The Dangers of Being a Jockey

Published: 03rd July 2007
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Everyone talks about the dangers open to the horses in a Grand National but rarely does anyone mention the men who mount them - the poor jockeys.

AOL Sport sought the views of leading orthopaedic surgeon, Simon Moyes, who has treated many jockeys in his career, on the dangers a top jockey will face.

Moyes, who has owned a racehorse himself said: "Being a jockey is a high risk profession. There is an extraordinary amount of skill required; a combination of the position of the jockey whilst racing, the speed of the race horse, the manoeuvres during the race and the enormous jumps pre dispose the jockey to major trauma.

"The most common injuries that jockey's sustain (19%) are to the head and neck followed by the lower leg (15%), foot and ankle (10%), lower back (10%) and the arm and hand (10%).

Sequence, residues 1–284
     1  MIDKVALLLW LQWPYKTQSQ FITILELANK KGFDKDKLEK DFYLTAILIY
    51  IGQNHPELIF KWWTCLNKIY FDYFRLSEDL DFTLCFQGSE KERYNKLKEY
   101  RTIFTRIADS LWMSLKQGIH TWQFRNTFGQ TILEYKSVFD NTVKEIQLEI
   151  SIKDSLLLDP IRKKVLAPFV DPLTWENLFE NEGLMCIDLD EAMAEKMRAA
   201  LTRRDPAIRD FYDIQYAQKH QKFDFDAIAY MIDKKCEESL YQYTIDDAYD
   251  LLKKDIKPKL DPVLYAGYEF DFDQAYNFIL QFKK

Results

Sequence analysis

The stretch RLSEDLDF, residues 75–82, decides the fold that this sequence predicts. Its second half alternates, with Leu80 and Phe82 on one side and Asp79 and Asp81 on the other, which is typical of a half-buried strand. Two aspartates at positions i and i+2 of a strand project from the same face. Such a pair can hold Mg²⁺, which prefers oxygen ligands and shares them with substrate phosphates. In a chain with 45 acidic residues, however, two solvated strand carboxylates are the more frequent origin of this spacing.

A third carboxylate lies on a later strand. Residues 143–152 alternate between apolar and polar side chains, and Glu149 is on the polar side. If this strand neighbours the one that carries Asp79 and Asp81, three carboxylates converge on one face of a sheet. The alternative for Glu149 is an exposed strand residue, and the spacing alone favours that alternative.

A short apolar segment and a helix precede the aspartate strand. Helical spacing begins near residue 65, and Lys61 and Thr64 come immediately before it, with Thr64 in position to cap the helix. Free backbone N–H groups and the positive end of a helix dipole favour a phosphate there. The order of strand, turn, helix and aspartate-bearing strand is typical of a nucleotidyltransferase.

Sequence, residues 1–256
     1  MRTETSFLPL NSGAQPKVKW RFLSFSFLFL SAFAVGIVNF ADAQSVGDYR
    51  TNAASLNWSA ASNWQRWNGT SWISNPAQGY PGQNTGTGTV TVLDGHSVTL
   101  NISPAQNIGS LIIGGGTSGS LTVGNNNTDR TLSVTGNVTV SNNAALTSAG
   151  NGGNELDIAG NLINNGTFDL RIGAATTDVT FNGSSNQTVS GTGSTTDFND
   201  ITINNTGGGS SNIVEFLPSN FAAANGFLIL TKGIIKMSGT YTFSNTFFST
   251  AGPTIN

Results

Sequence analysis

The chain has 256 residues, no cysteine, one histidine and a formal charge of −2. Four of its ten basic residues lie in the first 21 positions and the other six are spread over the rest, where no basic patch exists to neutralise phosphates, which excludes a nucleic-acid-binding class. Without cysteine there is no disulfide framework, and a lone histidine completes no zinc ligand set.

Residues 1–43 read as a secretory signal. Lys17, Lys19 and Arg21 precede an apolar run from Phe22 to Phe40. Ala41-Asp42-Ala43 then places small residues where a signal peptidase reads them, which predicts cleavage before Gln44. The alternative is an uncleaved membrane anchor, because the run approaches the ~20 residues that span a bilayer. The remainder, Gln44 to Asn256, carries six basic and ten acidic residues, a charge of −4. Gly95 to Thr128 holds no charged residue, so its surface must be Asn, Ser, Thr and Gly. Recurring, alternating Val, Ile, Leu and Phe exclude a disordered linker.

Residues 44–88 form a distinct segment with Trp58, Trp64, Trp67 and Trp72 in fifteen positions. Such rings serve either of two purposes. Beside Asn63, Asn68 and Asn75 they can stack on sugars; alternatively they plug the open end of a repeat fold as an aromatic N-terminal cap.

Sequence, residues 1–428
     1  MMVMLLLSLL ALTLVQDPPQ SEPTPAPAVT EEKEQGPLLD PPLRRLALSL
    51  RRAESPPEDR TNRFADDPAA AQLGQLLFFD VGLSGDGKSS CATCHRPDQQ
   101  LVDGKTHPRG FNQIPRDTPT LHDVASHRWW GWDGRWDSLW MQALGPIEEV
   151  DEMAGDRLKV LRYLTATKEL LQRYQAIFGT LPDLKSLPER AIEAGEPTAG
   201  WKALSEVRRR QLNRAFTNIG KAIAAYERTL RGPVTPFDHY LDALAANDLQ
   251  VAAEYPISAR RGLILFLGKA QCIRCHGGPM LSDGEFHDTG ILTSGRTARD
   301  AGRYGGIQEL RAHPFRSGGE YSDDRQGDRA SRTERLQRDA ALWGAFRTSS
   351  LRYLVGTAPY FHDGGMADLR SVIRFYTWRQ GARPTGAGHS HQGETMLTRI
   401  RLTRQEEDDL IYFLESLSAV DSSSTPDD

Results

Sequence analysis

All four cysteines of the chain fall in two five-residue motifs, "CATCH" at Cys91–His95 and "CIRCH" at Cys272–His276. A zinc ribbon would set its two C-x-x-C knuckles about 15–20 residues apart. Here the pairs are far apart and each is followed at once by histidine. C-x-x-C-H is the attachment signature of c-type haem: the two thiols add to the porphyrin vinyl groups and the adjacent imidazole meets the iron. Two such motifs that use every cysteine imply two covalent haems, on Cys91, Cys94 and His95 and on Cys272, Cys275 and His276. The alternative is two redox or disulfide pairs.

"Steeple chasing, in particular the Grand National, in my opinion produce a higher rate than normal of upper limb injuries such as fractures of the collar bone and the rest of the shoulder girdle.

"Jockeys in my experience have an extremely high pain threshold and rehabilitate and recover from such injuries much faster than the normal population. I personally wish all the jockey's well for Saturdays great race at Aintree."

Simon Moyes operates out of the Wellington hospital in St John's Wood and his website can be found here Simon Moyes. The good news for Tony Dobbin is that he will be fit to ride in Saturday's John Smith's Grand National after all.

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